|Publication number||US5095414 A|
|Application number||US 07/712,226|
|Publication date||Mar 10, 1992|
|Filing date||Jun 7, 1991|
|Priority date||Jun 7, 1991|
|Publication number||07712226, 712226, US 5095414 A, US 5095414A, US-A-5095414, US5095414 A, US5095414A|
|Inventors||Richard W. Tinus|
|Original Assignee||The United States Of America As Represented By The Secretary Of Agriculture|
|Export Citation||BiBTeX, EndNote, RefMan|
|Patent Citations (16), Non-Patent Citations (4), Referenced by (19), Classifications (15), Legal Events (4)|
|External Links: USPTO, USPTO Assignment, Espacenet|
This invention relates to improved methods and apparatus for use in greenhouse nursery techniques. It relates to improvements in forestry, as in the raising of seedlings, and to horticulture, as in the raising of floral and all sorts of other plants. The invention provides means to effectively "shorten the night" to control growth of the young plants, in particular, to prevent premature growth stoppage and dormancy of the plants.
Dormancy in perennial plants is controlled by phytochrome, a protein hormone. In its active form, produced by red light (660nm), bud dormancy is prevented and height growth continues. Phytochrome slowly degrades to an inactive form in the dark. In the absence of sufficient active phytochrome, buds are set and height growth ceases.
In order to insure that seedlings reach a desired commercial size on schedule, it is often important to provide supplemental light at night to prevent premature dormancy. The intensity need not be great; 40 foot candles is enough. Furthermore, since red light inhibits stem elongation, it is best if the light is intermittent. As little as 1 part in 30 is enough as long as no dark period is longer than 30 minutes.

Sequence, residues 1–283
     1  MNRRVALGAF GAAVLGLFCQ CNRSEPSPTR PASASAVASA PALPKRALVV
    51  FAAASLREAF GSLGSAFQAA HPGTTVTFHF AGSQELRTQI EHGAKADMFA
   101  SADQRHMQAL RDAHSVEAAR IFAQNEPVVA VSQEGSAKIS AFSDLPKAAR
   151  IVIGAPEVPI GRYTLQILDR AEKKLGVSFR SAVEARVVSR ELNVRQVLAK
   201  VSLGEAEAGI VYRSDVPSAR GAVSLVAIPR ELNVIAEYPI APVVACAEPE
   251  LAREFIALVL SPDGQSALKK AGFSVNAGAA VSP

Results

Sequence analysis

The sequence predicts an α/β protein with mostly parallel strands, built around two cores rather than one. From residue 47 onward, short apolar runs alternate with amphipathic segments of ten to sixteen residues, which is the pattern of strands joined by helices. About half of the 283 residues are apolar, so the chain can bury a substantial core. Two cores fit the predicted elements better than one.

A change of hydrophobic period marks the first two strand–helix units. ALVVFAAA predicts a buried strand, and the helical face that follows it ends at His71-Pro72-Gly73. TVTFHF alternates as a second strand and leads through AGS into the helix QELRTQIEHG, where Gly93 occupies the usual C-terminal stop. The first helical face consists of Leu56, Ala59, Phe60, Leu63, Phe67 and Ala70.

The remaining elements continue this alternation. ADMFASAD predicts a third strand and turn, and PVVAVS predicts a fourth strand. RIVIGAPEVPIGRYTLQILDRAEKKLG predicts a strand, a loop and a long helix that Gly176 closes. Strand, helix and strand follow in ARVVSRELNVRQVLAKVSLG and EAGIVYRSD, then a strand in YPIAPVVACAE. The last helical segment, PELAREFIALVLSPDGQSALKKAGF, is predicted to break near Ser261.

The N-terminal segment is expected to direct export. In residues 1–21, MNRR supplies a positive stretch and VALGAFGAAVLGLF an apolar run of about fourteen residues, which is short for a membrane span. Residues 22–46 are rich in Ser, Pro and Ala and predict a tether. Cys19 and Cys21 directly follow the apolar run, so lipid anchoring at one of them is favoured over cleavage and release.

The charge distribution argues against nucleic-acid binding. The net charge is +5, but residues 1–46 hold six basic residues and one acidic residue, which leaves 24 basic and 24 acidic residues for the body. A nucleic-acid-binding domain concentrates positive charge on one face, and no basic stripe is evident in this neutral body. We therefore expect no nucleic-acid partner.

Since only red light is important and other wavelengths are much less efficient or even detrimental (far red (730 nm) reverses the effect of red light), light sources vary tremendously in their efficiency. Tungsten incandescent bulbs are the least efficient but can be turned on and off rapidly and repeatedly without loss of bulb life. They are commonly used in greenhouses as a fixed over-head array in spite of the large number of fixtures required and the day time shading of natural sunlight they impose on the plants.
Fluorescent lights are much more efficient light sources, but cannot be turned on and off repeatedly without greatly shortening bulb life. Fixed arrays of fluorescent lights are more expensive than incandescent, and their bulk creates more shade. They are practical only if mounted on a moving boom, such as many greenhouses have for watering. The lights remain on most of the night and the boom moves back and forth from one end of the greenhouse to the other which creates the intermittent light. However, there are two major disadvantages: (1) providing electric power to a moving water boom requires a complex mechanical system with a correspondingly large potential for safety and reliability problems; and (2) because it operates at night, it is usually unattended. If it fails, the problem may not be discovered until the next day.
The most efficient light source is the high pressure sodium arc light. Its spectrum is concentrated very close to the most effective wavelengths for dormancy prevention and it has little or no far red. However, the fixtures are very expensive, and it is impossible to turn the lights on and off rapidly. Furthermore, the light is very intense, more so than needed, so much of their output is frequently wasted. However, only one such light would serve if it were centrally mounted overhead, and if its light could be spread evenly over the plants in the greenhouse.